Twitter is great for blog traffic. But bloggers sometimes get too enthusiastic with it. A common error is when, out of the blue, one replies to another tweep with a link to his blog.
Some tweeps do this to those who've just followed them back. They include a link to their home page or latest post. You can see it in their "tweets and replies". It's a bad look, it annoys people, and you shouldn't do it. It's a kind of spam, let's face it.
Context and relevance matter
That said, there is an effective, non-spammy way to share posts in replies. You just have to do it in context.
Let's say you've blogged about a specific topic and you've already tweeted the link out to your own followers. You can draw still more traffic to it by finding tweets (and ideally actual Twitter conversations) about the same subject.
Then you can add to the conversation, sharing the link. You could say something like, "I see your point. But here's another way of looking at it." Or maybe: "Good list of tips. Here are a couple more."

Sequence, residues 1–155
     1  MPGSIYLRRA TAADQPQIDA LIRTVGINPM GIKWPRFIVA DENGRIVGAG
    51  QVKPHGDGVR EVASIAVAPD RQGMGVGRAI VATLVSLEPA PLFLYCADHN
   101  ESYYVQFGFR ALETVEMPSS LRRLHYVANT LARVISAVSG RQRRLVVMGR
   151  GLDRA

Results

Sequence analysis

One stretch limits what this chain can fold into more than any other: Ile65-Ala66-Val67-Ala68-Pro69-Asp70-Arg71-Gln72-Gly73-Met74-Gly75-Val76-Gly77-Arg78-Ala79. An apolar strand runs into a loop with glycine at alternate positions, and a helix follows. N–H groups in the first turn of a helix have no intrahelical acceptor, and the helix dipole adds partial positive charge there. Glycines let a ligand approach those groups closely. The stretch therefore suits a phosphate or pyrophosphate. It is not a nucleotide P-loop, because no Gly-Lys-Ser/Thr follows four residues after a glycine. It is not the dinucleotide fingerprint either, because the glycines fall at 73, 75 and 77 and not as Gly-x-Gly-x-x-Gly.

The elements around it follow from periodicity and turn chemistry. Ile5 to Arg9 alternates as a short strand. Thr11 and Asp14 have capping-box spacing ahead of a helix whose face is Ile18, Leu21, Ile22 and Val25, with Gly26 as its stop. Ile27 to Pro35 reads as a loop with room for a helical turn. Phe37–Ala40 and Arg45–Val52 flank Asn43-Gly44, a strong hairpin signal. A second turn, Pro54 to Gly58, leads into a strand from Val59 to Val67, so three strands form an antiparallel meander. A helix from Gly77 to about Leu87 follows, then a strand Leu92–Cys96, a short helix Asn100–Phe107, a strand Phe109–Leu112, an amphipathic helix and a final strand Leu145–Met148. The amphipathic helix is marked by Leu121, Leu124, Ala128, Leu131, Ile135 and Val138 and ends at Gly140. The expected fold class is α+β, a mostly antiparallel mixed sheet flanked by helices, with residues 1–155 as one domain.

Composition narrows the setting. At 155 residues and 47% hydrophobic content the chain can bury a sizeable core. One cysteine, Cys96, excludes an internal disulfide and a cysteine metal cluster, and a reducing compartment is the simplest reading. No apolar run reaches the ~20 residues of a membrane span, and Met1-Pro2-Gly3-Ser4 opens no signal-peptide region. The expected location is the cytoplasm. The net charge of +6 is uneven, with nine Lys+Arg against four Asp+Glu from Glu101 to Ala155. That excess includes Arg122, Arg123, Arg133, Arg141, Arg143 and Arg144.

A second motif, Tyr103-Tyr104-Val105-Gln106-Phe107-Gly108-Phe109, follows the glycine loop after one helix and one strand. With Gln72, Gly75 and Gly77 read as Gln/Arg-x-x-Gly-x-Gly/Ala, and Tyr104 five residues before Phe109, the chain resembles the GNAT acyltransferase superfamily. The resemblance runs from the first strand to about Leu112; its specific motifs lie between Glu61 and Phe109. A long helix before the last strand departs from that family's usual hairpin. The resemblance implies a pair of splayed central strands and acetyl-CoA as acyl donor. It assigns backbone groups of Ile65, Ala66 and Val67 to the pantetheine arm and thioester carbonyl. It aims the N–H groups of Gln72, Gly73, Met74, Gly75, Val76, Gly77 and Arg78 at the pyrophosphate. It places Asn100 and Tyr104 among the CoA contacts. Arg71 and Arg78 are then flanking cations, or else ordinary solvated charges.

Doing this isn't spam because it's relevant, in context and adding to the conversation.
Be selective and don't overdo it
I wouldn't do this to people you don't already follow, however. And I would only use this tactic with other tweeps -- preferably influencers -- with whom you've engaged before. Make sure to make other link-free contributions as well.
Also, don't do it over and over again with the same people. That way they won't resent it and neither will their followers. If it's a good post, and relevant, they'll appreciate it. You never know, they might even retweet it. If an influencer does this it can bring a torrent of hits as well as new followers.
I have used this method from time to time, particularly with my political blogs, and I know it works. It's particularly good for topical posts. This is because they're very specific by definition. Tweeps who are intensely focused on some particular issue are much more likely to click on a post that deals with it. So if you "strike while the iron is hot" you can sometimes pick up a surprising number of extra clicks this way.
(Image courtesy of and copyright Free Range Stock, www.freerangestock.com.)